Surprisingly, none of our kids fell asleep on the bus ride home, including the 5-year-olds, so it’s a good thing we still had a lot more activities planned for the rest of the night! When we returned from the skating rink, we gave the kids options of activities they could participate in (face painting, nail decorating, disco photo booth, and twister in the mallway). We only had 30 minutes scheduled for free time, but ended up allowing it to go about 45 minutes-1 hour since the kids were still enjoying themselves. We bought the 70s glasses, disco necklaces, and photo booth background on Oriental Trading. The photo booth props are downloadable pdf files we got form Etsy, printed them on card stock, cut them out, and hot-glued them to dowel rods. The kids had a lot of fun with them in the photo booth.
We gathered all the kids together for some large group disco-themed games in the Gen Kids room. Only one kid was tired at this point so we still needed to wear them out. We started with Disco Freeze Dance. Basically the kids just danced like maniacs while we played songs from the playlist and ran the disco ball and crazy lights. When the music stopped, they had to freeze in whatever dance move they were in. If they didn’t freeze quickly enough or toppled over, they were out. We played this game for awhile with random songs then decided to do some more organized dance songs. We did YMCA, Cupid Shuffle, and Cha Cha Slide. It made for some hilarious pictures. Once the leaders were totally worn out (note: I said leaders, not the kids), we moved on to the next game, Disco Charades. It is played just like charades only using disco words, phrases, and song titles. I created a Disco Charades List, put them on pieces of paper, then put them in a bucket for the game. This game definitely proved to be difficult for the younger kids, so we didn’t end up playing it for the full 15 minutes. We also had Disco Karaoke planned for an optional activity since our kids love karaoke so much. We just updated our song list with a few new songs (mostly Disney and YMCA) and created a Disco Karaoke List. We had lyric videos for all of the songs on the list in a playlist in ProPresenter.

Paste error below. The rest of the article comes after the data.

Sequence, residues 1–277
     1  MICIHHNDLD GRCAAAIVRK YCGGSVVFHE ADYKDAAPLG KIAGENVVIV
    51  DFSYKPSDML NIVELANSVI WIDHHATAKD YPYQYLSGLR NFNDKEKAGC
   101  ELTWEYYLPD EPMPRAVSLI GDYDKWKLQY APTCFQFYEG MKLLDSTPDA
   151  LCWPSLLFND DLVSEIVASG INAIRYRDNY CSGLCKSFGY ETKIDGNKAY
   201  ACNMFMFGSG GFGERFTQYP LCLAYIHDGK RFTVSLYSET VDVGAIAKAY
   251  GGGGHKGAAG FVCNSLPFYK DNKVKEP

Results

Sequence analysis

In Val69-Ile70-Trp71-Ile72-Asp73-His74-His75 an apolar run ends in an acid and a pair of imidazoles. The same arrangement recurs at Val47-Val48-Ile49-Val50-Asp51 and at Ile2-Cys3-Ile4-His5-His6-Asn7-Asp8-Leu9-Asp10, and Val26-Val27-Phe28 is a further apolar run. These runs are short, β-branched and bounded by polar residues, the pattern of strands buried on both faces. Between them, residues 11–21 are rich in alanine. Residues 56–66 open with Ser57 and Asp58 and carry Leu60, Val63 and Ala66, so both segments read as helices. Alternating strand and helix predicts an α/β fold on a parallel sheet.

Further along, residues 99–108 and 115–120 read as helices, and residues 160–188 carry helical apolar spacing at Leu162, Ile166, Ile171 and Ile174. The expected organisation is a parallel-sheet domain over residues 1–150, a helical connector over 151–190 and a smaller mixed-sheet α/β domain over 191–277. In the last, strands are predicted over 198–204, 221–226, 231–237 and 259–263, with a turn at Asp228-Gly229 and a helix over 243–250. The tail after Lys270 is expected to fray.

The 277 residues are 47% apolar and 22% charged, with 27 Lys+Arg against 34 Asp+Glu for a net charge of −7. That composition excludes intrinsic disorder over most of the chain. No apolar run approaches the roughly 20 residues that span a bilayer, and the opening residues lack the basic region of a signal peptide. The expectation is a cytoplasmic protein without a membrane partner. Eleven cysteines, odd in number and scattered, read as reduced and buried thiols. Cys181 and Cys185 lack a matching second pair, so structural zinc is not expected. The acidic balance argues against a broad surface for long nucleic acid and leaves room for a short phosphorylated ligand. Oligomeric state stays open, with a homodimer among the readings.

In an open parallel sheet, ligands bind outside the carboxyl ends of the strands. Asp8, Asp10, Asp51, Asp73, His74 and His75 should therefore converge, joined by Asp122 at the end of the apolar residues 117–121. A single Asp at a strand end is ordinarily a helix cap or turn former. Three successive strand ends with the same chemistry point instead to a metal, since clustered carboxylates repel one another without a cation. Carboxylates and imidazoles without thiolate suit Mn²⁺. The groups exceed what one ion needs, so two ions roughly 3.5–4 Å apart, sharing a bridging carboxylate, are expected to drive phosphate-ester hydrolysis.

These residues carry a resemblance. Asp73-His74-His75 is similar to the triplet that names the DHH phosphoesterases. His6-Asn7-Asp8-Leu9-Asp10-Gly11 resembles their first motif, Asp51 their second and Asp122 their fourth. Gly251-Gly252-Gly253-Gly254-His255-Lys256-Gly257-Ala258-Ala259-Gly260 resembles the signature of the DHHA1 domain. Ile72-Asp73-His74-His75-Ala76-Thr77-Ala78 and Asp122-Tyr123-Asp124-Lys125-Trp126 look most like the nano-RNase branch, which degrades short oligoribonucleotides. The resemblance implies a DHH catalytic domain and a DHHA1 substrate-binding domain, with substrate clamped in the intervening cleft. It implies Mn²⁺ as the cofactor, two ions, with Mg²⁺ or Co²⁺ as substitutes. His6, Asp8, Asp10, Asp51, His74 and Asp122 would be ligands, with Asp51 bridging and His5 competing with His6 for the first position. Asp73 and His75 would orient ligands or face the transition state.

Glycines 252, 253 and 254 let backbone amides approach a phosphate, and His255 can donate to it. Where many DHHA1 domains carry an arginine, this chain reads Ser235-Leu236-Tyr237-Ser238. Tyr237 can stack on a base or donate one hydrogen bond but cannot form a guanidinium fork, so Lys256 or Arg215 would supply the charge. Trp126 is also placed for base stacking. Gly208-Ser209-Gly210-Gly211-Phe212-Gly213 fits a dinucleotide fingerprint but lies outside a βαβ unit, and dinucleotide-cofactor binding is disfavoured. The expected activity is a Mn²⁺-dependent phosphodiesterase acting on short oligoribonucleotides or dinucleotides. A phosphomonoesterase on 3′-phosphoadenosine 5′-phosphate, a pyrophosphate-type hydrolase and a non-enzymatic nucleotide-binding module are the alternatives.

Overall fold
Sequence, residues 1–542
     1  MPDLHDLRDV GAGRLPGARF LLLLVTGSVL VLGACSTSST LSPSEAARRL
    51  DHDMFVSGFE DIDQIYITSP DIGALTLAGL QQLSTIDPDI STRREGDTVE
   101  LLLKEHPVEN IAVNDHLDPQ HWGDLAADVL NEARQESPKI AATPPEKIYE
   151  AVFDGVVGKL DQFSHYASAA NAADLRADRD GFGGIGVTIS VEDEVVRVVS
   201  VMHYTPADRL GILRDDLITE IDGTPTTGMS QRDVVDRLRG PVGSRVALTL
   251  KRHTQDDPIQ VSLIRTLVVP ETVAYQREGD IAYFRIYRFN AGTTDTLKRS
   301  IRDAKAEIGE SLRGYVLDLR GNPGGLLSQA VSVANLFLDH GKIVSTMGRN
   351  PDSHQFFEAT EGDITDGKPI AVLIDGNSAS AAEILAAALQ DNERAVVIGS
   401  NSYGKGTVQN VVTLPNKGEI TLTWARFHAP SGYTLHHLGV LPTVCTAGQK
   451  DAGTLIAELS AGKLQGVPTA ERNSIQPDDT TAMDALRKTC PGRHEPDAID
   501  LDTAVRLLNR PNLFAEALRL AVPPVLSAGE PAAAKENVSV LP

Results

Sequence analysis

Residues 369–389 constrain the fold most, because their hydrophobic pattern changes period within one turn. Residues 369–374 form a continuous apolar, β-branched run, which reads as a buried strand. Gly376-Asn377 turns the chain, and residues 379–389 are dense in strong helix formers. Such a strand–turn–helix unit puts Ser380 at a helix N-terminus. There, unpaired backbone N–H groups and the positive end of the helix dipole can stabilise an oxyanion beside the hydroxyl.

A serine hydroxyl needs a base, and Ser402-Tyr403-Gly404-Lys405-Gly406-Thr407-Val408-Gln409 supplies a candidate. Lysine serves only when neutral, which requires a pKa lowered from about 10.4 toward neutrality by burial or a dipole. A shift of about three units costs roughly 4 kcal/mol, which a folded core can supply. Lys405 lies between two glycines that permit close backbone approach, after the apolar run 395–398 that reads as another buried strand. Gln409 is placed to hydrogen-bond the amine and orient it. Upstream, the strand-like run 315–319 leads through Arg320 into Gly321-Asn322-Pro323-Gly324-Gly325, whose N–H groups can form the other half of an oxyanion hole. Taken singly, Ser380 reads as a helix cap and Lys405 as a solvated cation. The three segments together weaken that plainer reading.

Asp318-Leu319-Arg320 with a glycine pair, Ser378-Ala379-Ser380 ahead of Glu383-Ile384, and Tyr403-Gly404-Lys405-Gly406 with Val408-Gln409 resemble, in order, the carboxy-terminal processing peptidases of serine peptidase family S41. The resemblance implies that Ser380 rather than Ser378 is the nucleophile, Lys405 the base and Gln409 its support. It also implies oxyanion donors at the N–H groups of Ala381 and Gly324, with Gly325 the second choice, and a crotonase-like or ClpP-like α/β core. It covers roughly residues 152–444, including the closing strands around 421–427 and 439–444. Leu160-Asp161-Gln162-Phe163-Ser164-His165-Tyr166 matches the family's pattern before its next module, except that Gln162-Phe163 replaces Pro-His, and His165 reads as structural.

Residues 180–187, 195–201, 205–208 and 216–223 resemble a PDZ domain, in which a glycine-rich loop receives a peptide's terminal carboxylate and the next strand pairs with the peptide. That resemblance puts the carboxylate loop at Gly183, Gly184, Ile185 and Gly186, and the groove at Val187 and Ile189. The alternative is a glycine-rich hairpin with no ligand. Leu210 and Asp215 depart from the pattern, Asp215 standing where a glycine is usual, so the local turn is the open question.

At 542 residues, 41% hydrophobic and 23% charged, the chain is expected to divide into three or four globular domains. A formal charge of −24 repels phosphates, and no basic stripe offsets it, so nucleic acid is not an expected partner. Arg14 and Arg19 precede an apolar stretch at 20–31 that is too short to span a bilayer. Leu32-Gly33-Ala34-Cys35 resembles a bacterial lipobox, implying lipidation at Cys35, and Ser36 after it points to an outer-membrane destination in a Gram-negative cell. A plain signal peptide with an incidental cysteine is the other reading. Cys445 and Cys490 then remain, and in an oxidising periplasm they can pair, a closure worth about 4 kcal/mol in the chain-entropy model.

This is probably my favorite snacktivity (a snack that is also an activity). All you have to do is buy any type of string, yarn, or twine, cut it into necklace lengths, and tie a lifesaver to the end (to keep all the food from falling off the end). You can use any food that has a hole in the middle. We used frosted cheerios, chocolate cheerios, fruit loops, lifesaver gummies, apple and peach ring gummy candies, mini fudge cookies, and gummy bear rings. The kids have so much fun making huge necklaces they can eat. I always like to do this one right before we watch a movie because the kids can eat it while they watch the movie, and it’s a nice wind down/transition activity.
The Home Stretch
I call this the home stretch because at this point in the night we put on a movie, require the kids to be in their beds, turn down the lights, and many of them start to fall asleep during the movie (I slept through most of it). When the movie is over it is officially bed time. For this lock-in the movie didn’t end until around 2:30 am and we didn’t have much of a struggle getting them to sleep because they were exhausted. When 8:00 am rolled around the next morning, we had to practically drag them out of their beds to eat donuts and juice before going home. By the time all the kids were gone (around 9:30), the leaders and I were totally pooped. It was well worth all the energy and sleep loss to see how much fun the kids had, and hear all the positive reports and thank-you’s from parents. If you’ve never done one before, I would encourage you to give a lock-in a try. Lock-ins provide great opportunities for you and your leaders to build stronger relationships with the kids, and the kids have the opportunity to grow in their friendships with other kids in ways they wouldn’t have time for in during normal services.